LinkedIn to Monster & BranchOut: Pay Up

ERE.net has learned more details about LinkedIn’s July 1 decision to cut off Monster’s BeKnown and BranchOut’s API access. We’ve also obtained copies of the emails that LinkedIn sent to both companies.

If there was any doubt that commercial reasons were behind the move, it’s gone now. Both emails end by proposing that the companies join LinkedIn’s “Partner Program for enterprise products.” A representative for LinkedIn has confirmed that the companies would pay for this access.

While BranchOut and BeKnown got all the attention, LinkedIn also cut off access to at least four other companies. Startup mixtent and resume parsing company Daxtra are two more companies that serve recruiters that were affected. As of this morning, the import function that is the core of mixtent’s service appears to be completely broken.

Unlike mixtent, Monster seems unmoved. A spokesperson said that “LinkedIn is actually the smallest source of BeKnown network growth compared with other sources.” Similarly, a BranchOut spokesperson said that “changes to the LinkedIn API have little impact on the BranchOut experience, as it was only being used by a small fraction of our users.”

A LinkedIn representative said that they had been in contact with Monster and BranchOut since the emails, but representatives for both companies denied that they were engaged in any discussions with LinkedIn regarding restoring API access.

The full emails are below, but here’s the rest of what I found notable:

  • I wrote that LinkedIn had cut off access to the API because the companies were competitive, which is prohibited by LinkedIn’s API Terms of Use. Competition still underlies this decision, but the specific trespass that LinkedIn cites is that both BranchOut and Monster intend to charge “fees for access to LinkedIn’s Content,” which is also not kosher under the TOU.
  • The move appears to be preemptive, since BranchOut does not charge for access to user data at this point in time.
  • Unlike BranchOut, Monster is already very much in the business of charging for access to data. However, the LinkedIn move seems preemptive there as well, since the BeKnown database is currently separate from the main Monster database. The company has acknowledged plans to merge them in the future.
  • LinkedIn claims that Monster is also in violation of the TOU for sending emails via the API to promote BeKnown.

The emails were sent by Adam Trachtenberg, the director of LinkedIn’s Developer Network, to his counterparts at Monster and BranchOut.

Article Continues Below

This is the complete email from LinkedIn to Monster:

From: Adam Trachtenberg
Date: July 1, 2011 12:29:16 PM CDT
Subject: Important information about BeKnown’s LinkedIn Developer Program account

Dear Mark,

LinkedIn’s Developer Platform Program helps partner websites build the professional web with LinkedIn.  Specifically, LinkedIn’s People API allows our partners to add professional identity to their sites with LinkedIn member profile and connection data to create a richer professional web experience for our members.  LinkedIn’s Messaging API allows our partners to use LinkedIn’s Inbox to make their applications a social communications hub by letting their customers send invitations to connect on LinkedIn and messages to existing connections.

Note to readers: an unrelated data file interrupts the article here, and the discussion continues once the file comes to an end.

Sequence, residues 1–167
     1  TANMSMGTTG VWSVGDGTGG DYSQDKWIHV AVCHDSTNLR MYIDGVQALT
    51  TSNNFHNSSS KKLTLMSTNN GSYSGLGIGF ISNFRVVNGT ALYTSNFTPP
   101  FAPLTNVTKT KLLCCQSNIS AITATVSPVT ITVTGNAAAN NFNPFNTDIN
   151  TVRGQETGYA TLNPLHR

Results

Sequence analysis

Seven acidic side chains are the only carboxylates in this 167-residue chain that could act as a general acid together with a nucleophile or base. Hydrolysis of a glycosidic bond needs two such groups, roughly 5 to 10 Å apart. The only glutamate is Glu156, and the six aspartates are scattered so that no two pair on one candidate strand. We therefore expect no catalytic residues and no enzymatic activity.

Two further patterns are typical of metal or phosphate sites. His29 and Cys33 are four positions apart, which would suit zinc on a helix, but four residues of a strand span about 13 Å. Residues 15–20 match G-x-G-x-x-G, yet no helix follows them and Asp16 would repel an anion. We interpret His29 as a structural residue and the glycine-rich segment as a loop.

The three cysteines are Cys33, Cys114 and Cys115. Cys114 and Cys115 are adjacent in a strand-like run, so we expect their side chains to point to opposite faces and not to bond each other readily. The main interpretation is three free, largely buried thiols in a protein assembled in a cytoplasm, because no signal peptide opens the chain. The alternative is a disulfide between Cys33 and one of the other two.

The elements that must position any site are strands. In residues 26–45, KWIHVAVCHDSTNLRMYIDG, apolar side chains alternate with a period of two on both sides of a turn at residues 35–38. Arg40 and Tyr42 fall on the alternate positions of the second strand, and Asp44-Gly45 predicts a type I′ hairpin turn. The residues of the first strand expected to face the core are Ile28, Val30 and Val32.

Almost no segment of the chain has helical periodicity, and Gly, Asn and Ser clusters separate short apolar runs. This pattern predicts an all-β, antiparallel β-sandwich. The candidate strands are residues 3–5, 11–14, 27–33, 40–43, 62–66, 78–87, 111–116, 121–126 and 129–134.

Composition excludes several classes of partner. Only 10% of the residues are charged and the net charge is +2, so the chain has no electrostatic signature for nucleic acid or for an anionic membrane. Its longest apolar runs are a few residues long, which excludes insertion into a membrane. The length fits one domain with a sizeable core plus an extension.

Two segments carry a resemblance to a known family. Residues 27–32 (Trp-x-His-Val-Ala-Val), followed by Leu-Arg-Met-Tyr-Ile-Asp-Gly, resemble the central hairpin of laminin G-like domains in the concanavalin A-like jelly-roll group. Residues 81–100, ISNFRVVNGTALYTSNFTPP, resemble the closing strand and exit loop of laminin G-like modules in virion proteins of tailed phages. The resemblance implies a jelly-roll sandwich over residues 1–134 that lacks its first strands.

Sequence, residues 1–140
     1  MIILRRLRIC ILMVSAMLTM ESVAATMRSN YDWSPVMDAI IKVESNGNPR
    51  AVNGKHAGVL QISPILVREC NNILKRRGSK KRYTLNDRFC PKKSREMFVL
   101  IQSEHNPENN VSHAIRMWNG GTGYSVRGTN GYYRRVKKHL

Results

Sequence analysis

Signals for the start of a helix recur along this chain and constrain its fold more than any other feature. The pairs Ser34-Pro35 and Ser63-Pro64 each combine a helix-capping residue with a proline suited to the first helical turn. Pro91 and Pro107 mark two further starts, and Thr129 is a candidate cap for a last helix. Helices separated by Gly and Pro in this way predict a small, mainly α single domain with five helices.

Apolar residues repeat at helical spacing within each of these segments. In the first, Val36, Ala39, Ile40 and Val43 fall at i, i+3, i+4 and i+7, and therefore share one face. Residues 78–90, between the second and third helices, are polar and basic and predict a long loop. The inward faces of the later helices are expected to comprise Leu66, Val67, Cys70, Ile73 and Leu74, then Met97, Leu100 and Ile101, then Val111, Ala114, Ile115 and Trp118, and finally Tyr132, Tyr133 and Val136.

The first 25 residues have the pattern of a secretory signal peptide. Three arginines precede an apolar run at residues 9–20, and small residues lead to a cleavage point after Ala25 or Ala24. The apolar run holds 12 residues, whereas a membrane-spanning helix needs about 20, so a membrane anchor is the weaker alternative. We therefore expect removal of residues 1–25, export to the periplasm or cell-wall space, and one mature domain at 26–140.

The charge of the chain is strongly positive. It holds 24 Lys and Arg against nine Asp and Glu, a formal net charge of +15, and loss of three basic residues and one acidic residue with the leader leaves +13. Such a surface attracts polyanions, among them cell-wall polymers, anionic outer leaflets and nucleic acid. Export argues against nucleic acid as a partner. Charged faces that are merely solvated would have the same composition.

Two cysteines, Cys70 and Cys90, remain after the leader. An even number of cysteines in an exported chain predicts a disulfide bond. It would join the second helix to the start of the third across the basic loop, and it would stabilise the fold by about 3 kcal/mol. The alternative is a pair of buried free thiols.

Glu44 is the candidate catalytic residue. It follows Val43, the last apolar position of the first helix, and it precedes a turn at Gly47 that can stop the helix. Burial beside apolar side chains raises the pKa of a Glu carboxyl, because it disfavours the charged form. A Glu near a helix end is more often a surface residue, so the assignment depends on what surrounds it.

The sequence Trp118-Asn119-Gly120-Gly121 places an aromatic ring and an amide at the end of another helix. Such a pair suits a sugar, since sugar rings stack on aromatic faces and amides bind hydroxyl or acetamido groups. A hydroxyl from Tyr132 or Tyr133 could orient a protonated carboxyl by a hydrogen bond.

We have become aware of your recently launched BeKnown application on Facebook.  Your use of the LinkedIn APIs in connection with this product violates LinkedIn’s API Terms of Use and Platform Guidelines by, at a minimum, using the APIs to send messages to promote BeKnown.  Also, we have concerns that LinkedIn Content imported into BeKnown will be used in connection with your enterprise sourcing products, and, in effect, you will be charging fees for access to LinkedIn Content.  As a result, we have disabled the BeKnown application’s access to the LinkedIn’s APIs.

We have a Partner Program for enterprise products and, if your messaging violations are corrected, are open to discussing with you whether BeKnown offerings are a fit.  If you are interested, please contact Scott Roberts, our Senior Director, Business Development, at sroberts@linkedin.com.

Regards,

Adam Trachtenberg
Director of Developer Network

And this is the full email from LinkedIn to BranchOut:

From: Adam Trachtenberg
Date: July 1, 2011 12:29:07 PM CDT
Subject: Important information about BranchOut’s LinkedIn Developer Program account

Dear Nathan,

LinkedIn’s Developer Platform Program helps partner websites build the professional web with LinkedIn.  Specifically, LinkedIn’s People API allows our partners to add professional identity to their sites with LinkedIn member profile and connection data to create a richer professional web experience for our members.

We recently became aware of BranchOut’s imminent launch of a premium enterprise recruiting search tool.  BranchOut’s use of LinkedIn’s API to support this tool violates LinkedIn’s API Terms of Use by, at a minimum, by charging fees for access to LinkedIn’s Content.  As a result, we have disabled BranchOut’s access to the LinkedIn API.

We have a Partner Program for enterprise products and are open to discussing with you whether BranchOut’s offerings are a fit.  If you are interested, please contact Scott Roberts, our Senior Director, Business Development, at sroberts@linkedin.com.

Regards,

Adam Trachtenberg

Director of Developer Network

ERE Media, Inc. CEO David Manaster continues to learn about recruiting every day. His first job in the profession was way back in 1997, and he founded ERE Media the following year. Today, David spends his time thinking up new ways that ERE can serve the recruiting community. You can follow David on Twitter or email him at david(at)ere.net.

Topics